Thanksgiving in the Cosmos: The Next Enlightenment
A Special offering from Bioneers – for this, our time.
The world has entered a period of radical creative destruction — of breakdown and breakthrough. The very fate of human civilization hangs in the balance. Where have we gone so wrong? Could it be our cosmology itself, our view of our place in the natural and cosmic order? As author Richard Tarnas observes, “World views create worlds.” Is a fundamental transformation of our civilization’s world view the gateway to our survival and flourishing as a species? In this Bioneers audio special, we take an experiential journey into cosmology, consciousness and change, with: Chief Oren Lyons, Native American leader from the Onondaga Nation of the Iroquois Confederacy; Richard Tarnas, the author of Cosmos and Psyche: Intimations of a New World View; and featuring music from Shaman’s Dream and Blue Tech.
- Chief Oren Lyons, Faithkeeper of the Wolf Clan, Onondaga Council of Chiefs of the Hau de no sau nee, or Six Nations — Onandaga, Seneca, Cayuga, Oneida, Mohawk, and Tuscarora. He has been very active defending indigenous rights in U.N. forums around the world, and is a principal figure in the Traditional Circle of Indian Elders, a council of grassroots leaders of North American Indian nations.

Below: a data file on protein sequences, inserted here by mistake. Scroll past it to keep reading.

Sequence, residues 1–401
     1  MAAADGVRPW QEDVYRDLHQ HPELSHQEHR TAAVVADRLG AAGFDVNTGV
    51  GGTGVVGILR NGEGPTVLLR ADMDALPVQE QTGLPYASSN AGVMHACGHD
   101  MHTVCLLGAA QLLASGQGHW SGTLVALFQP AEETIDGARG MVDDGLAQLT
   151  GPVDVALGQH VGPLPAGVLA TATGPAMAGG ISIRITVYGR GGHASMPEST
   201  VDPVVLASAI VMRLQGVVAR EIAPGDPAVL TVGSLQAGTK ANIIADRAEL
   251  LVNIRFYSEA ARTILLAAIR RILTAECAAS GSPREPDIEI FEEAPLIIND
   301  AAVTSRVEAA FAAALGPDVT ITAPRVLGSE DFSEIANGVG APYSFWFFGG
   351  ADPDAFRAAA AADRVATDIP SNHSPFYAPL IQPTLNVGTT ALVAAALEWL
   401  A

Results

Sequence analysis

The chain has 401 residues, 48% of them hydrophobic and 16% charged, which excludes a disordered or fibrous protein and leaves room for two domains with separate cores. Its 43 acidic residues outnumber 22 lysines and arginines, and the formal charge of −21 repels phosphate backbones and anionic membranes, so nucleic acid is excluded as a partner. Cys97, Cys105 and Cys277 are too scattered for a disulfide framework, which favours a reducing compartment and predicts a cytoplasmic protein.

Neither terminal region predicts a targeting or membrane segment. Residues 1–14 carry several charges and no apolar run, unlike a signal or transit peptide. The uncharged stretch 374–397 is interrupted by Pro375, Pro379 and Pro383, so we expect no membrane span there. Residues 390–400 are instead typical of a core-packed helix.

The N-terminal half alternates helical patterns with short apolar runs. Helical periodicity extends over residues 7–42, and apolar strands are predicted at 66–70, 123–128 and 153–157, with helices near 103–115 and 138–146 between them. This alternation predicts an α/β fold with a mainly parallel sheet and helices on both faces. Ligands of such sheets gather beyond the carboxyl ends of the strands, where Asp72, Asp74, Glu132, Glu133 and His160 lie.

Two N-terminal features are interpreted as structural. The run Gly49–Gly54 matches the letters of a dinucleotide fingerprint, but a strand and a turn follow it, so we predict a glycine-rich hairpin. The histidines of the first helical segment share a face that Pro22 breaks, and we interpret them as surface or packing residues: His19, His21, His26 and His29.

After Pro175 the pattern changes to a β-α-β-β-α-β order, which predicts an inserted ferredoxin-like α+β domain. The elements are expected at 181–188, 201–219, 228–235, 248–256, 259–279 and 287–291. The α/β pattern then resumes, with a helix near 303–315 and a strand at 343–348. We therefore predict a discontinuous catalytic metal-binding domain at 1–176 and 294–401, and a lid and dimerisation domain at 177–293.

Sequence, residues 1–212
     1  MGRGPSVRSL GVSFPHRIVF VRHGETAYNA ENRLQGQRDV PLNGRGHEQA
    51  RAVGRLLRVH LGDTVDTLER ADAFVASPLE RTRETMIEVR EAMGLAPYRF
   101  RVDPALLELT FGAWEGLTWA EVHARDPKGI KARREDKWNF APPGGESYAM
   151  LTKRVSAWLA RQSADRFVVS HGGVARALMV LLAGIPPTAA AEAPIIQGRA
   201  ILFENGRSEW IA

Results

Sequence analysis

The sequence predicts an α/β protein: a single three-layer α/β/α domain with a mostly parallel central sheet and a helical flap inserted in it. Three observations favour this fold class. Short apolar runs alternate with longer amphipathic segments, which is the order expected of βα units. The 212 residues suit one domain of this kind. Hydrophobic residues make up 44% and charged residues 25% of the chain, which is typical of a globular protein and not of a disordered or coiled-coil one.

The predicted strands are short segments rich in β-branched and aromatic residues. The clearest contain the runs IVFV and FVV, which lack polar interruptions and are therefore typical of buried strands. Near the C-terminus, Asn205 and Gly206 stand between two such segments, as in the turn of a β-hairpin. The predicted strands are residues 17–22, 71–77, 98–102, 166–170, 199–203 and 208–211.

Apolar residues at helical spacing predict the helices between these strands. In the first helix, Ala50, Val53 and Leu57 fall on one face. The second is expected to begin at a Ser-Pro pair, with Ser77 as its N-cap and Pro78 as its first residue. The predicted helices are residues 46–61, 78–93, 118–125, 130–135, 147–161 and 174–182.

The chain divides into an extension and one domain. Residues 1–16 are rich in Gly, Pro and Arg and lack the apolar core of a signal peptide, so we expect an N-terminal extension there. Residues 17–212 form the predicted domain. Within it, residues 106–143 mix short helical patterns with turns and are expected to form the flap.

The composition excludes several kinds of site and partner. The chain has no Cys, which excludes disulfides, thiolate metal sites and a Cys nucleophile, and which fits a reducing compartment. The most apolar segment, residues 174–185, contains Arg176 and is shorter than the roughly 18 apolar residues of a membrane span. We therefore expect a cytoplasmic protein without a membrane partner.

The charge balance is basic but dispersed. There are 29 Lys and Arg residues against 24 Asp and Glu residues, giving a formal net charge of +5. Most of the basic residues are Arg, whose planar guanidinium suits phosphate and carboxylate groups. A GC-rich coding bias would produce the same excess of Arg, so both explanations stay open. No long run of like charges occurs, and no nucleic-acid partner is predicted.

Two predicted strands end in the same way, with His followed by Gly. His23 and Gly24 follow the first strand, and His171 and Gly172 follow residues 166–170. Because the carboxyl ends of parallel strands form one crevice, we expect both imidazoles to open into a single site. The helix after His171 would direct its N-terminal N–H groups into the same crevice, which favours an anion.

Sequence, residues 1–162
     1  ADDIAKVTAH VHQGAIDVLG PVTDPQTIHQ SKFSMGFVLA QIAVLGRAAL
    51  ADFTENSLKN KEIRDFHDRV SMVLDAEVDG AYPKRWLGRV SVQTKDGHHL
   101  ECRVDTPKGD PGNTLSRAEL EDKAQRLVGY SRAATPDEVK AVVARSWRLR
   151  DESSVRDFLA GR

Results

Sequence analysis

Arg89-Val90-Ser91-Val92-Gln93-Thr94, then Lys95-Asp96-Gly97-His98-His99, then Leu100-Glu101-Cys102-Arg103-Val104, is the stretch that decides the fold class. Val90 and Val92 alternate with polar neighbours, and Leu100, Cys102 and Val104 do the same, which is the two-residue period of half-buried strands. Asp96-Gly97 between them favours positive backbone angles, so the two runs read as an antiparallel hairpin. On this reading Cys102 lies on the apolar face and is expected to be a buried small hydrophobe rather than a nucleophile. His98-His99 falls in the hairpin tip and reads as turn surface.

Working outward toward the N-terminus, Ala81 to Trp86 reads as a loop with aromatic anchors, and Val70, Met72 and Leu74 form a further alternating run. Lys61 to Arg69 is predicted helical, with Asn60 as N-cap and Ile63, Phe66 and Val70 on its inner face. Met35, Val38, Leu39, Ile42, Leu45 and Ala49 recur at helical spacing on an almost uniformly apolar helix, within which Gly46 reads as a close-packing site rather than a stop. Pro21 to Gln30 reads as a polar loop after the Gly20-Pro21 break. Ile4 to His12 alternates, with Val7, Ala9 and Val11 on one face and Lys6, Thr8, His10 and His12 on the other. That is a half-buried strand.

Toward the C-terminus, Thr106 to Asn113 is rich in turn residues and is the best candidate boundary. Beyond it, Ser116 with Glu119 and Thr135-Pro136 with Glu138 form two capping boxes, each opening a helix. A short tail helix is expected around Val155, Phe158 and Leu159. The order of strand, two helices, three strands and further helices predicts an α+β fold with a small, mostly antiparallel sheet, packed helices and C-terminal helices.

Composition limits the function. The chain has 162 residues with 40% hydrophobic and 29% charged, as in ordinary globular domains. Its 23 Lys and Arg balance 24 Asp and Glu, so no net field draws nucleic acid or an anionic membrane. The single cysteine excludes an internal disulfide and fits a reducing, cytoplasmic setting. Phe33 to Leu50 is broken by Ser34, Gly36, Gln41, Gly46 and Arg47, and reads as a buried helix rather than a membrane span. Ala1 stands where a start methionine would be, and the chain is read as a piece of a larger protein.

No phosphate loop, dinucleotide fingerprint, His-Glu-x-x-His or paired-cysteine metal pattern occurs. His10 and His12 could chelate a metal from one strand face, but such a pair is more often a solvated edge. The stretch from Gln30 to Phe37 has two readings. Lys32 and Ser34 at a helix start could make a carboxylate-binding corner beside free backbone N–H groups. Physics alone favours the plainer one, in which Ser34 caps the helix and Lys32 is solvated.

- Richard Tarnas, founding director of the graduate program in Philosophy, Cosmology, and Consciousness at the California Institute of Integral Studies in San Francisco, where he currently teaches. Tarnas is the author of The Passion of the Western Mind and Cosmos and Psyche: Intimations of a New World View.
- Executive Producer: Kenny Ausubel
- Written by: Kenny Ausubel
- Host and Producer: Neil Harvey
Music by Shaman’s Dream and Blue Tech, from the CD Prana Pulse.
This is a Bioneers Audio Special. Visit our radio and podcast homepage to find out how to hear our regular program on your local station and how to subscribe to the podcast.